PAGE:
49,898       50,600       49,934       51,233  
Municipals-taxable
                               
Due after one through five years
    690       691       905       907  
Due after five through ten years
                4,101       4,013  
Mortgage-Backed Securities
                               
Due in one year or less
    145       146       381       382  
Due after one through five years
                127       128  
Due after fifteen years
    804       776       920       881  
CRA Mutual Fund
    1,500       1,508       1,500       1,448  
Restricted Securities:
                               
Federal Reserve Bank stock
    894       894       894       894  
FHLB stock
    3,659       3,659       5,002       5,002  
 
                       
Total
  $ 72,748     $ 73,474     $ 89,763     $ 91,015  
 
                       

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NOTE 4 — SECURITIES (continued)
Securities available for sale that have an unrealized loss position at September 30, 2009 and December 31, 2008 are as follows:
September 30, 2009
                                                 
    Securities in a Loss     Securities in a Loss        
    Position for Less than     Position for 12 Months        
    12 Months     or Longer     Total  
    Fair     Unrealized     Fair     Unrealized     Fair     Unrealized  
    Value     Losses     Value     Losses     Value     Losses  
    (In Thousands)  
Investment securities available for sale:
                                               
U.S. Government Agencies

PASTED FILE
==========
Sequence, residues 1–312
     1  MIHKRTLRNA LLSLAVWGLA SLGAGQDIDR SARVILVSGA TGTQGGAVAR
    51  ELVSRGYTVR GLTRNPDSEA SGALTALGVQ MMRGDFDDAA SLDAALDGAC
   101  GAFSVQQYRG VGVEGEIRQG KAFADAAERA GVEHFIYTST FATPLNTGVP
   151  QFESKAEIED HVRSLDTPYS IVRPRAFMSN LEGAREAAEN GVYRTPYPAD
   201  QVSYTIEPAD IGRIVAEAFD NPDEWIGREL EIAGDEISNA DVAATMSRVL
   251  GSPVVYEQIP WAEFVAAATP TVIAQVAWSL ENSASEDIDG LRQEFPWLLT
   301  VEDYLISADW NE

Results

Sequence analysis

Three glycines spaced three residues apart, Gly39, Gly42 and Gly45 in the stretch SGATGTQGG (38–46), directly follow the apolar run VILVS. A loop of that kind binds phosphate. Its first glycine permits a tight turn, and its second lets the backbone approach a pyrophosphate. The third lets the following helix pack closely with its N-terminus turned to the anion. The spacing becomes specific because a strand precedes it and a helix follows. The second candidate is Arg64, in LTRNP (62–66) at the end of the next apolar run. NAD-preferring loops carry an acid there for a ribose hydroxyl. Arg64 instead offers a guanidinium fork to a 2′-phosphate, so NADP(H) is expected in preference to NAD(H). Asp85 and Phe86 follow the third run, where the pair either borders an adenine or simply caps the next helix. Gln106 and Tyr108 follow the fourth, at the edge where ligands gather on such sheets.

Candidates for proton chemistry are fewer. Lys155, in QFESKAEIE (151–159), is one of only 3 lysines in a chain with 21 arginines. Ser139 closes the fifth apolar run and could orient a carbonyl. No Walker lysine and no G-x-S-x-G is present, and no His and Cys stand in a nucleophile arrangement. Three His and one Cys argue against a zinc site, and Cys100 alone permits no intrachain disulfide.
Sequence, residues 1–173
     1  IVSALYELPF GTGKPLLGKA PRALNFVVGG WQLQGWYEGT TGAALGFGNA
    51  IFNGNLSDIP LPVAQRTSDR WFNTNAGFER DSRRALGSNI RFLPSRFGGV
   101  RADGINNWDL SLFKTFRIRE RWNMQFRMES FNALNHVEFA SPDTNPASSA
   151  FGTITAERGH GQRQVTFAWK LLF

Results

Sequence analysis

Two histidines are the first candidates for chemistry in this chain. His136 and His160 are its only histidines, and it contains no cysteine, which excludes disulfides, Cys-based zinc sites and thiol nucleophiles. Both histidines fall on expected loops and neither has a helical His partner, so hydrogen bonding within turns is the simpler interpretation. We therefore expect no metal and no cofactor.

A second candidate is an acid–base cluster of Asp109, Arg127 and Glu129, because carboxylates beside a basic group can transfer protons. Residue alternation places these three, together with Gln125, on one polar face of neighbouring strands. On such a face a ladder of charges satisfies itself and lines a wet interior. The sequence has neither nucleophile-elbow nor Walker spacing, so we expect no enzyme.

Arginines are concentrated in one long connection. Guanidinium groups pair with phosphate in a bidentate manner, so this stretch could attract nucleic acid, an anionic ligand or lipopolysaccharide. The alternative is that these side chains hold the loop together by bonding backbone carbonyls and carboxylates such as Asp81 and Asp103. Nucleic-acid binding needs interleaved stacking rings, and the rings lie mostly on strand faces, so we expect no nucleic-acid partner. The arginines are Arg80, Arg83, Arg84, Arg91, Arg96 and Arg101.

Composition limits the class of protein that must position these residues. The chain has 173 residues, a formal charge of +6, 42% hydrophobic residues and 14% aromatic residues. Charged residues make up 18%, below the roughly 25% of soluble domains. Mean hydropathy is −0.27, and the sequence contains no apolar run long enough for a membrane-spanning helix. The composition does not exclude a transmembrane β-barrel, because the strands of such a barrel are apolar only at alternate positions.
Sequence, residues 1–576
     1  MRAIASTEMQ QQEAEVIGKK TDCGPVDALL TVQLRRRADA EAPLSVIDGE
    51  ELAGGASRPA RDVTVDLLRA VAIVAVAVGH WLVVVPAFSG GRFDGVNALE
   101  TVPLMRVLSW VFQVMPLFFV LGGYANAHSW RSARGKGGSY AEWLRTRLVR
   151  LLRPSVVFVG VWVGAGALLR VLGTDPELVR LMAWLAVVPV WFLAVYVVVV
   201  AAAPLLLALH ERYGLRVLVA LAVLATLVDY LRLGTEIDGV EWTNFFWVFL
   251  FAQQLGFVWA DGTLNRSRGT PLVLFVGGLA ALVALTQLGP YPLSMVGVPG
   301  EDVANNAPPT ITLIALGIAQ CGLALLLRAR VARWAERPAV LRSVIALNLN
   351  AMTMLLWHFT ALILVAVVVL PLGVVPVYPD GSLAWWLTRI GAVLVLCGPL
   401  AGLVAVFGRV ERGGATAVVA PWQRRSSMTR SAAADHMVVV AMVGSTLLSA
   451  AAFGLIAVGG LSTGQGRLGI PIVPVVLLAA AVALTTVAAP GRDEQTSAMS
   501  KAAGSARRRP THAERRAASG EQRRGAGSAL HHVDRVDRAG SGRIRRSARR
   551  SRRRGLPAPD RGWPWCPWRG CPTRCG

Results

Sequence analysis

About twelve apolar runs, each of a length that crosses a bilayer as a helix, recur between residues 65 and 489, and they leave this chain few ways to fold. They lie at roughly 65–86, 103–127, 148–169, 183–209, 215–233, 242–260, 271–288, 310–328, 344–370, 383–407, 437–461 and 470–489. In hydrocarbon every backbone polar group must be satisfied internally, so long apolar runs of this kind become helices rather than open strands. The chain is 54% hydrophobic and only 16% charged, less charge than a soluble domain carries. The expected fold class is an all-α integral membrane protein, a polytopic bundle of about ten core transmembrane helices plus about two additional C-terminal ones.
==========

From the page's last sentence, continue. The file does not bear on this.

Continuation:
$ 4,998     $ (2 )   $     $     $ 4,998     $ (2 )
Mortgage-Backed Securities
                775       (28 )     775       (28 )
 
                                   
Total
  $ 4,998     $ (2 )   $ 775     $ (28 )   $ 5,773     $ (30 )
 
                                   
December 31, 2008
                                                 
    Securities in a Loss     Securities in a Loss        
    Position for Less than     Position for 12 Months        
    12 Months     or Longer     Total  
    Fair     Unrealized     Fair     Unrealized     Fair     Unrealized  
    Value     Losses     Value     Losses     Value     Losses  
    (In Thousands)  
Investment securities available for sale:
                                               
 
                                               
Mortgage-Backed Securities
  $ 881     $ (39 )   $     $     $ 881     $ (39 )
Municipals-taxable
    4,012       (89 )                 4,012       (89 )